An increasing number of schools and school districts across the country are focusing on creating a positive school climate, guided by a significant body of research attesting to the educational and developmental benefits of this approach.

But what, exactly, does a positive school climate look like for students, staff, and families on a day-to-day basis? Read More

Are the children well? Why the conversations sparked by Robin Williams’ suicide must address the need to promote mental wellness among the nation’s youth

children wellRobin Williams’ suicide has once again brought the issue of mental health to the top of everybody’s news feeds on social media.  Many news stories have pointed to the fact that Williams’ death is indicative of recent trends in suicide nationwide – suicide is up sharply among middle-aged Americans in recent years and just eclipsed homicide as the second leading cause of death among teens for the first time in two decades.  Sadly, nearly 22,000 adults between the ages of 35 and 64 committed suicide in 2010.  However, it is important to realize that the CDC estimates nearly one in four adults in America struggles with mental illness each year, and almost half of Americans will experience a mental illness in their lifetime (including substance abuse).  These numbers may be shocking to some, but what many find most surprising is that nearly half of all lifetime cases of mental illness are estimated to start by the age of 14.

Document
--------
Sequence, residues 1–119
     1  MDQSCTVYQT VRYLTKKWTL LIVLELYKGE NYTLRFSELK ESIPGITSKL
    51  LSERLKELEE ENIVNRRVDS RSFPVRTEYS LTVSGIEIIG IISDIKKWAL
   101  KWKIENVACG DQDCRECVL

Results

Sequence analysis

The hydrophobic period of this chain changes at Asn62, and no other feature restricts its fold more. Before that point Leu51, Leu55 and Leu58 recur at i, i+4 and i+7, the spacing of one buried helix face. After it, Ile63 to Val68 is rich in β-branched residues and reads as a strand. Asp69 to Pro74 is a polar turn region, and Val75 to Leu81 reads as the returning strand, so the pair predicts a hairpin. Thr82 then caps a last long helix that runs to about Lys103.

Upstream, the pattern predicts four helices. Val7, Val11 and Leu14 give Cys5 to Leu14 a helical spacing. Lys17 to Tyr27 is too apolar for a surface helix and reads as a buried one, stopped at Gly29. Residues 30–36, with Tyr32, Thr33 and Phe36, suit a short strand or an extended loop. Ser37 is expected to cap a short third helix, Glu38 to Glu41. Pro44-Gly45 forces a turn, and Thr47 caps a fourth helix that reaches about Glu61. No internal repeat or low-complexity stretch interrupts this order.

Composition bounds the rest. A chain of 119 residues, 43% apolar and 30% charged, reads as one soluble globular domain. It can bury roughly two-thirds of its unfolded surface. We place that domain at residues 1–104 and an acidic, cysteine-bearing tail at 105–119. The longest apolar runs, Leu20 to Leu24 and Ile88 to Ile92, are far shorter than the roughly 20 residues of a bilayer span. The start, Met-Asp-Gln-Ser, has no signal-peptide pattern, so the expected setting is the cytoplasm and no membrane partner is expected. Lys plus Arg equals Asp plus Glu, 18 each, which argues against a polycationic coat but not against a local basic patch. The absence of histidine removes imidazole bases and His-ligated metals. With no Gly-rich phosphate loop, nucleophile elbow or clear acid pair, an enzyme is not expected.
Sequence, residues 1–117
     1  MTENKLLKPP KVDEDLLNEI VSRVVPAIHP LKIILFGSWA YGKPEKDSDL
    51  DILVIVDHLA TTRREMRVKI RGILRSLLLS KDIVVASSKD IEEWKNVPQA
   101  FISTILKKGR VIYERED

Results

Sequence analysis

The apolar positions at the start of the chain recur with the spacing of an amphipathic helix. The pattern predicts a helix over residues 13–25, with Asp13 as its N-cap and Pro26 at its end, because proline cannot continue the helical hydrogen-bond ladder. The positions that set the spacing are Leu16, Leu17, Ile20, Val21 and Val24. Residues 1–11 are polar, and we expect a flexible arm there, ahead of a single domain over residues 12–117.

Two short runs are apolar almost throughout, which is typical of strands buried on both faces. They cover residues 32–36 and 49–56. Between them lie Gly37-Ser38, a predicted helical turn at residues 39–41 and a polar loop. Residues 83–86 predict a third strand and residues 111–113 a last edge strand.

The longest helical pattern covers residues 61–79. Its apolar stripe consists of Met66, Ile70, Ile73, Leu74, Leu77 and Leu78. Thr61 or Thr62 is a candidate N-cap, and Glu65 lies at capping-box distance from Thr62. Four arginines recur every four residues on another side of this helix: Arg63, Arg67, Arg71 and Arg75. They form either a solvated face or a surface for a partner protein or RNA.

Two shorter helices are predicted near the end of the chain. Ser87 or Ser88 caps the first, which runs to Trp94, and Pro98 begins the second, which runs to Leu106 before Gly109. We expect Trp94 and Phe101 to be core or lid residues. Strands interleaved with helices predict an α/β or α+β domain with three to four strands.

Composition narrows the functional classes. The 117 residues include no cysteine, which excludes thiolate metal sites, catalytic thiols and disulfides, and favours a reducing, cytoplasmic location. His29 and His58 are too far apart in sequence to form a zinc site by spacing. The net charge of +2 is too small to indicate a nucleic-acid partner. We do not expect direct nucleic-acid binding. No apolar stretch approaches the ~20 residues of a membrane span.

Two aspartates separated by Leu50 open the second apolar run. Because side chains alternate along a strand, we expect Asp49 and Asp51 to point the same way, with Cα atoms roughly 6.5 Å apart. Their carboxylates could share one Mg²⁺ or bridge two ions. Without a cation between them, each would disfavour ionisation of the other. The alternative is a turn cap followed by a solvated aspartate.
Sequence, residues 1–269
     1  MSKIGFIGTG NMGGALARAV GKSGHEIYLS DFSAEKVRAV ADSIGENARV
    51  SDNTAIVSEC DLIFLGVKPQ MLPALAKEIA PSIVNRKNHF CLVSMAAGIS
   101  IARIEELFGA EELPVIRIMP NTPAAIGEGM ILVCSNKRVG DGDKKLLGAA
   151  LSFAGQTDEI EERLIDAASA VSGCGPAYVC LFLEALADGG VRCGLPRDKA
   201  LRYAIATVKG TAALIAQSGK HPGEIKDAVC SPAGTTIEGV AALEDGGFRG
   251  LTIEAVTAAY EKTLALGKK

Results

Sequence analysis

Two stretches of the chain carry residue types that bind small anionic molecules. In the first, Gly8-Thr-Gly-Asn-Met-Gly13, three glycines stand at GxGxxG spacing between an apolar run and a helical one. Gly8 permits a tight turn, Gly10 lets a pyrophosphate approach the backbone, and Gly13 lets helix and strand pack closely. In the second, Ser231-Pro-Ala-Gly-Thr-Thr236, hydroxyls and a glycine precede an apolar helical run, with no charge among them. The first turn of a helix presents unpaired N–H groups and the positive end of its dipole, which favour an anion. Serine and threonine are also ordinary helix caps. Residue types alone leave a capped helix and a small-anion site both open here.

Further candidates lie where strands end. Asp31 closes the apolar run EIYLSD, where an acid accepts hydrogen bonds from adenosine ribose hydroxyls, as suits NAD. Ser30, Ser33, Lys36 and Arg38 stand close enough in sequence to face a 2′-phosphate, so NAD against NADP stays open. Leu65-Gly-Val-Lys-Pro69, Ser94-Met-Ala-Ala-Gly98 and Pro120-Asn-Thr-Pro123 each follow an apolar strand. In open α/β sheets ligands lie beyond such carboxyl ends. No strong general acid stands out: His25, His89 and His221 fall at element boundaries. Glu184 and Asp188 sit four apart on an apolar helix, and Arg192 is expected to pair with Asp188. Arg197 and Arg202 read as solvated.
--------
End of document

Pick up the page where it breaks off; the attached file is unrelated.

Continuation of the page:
Read More

Behind the Sharp Declines in Births Outside of Marriage

Nonmarital birth rates are going down. A new report by the National Center for Health Statistics (NCHS) shows that between 2007 and 2013, the nonmarital birth rate—which measures the number of births that occur in any one year to unmarried women (per 1,000)—declined 14 percent, from its peak of 51.8 to 44.8. This marks a dramatic shift after decades of steady increases. Notably, the declines are particularly steep among some of the most vulnerable populations, teenagers and minority women. Read More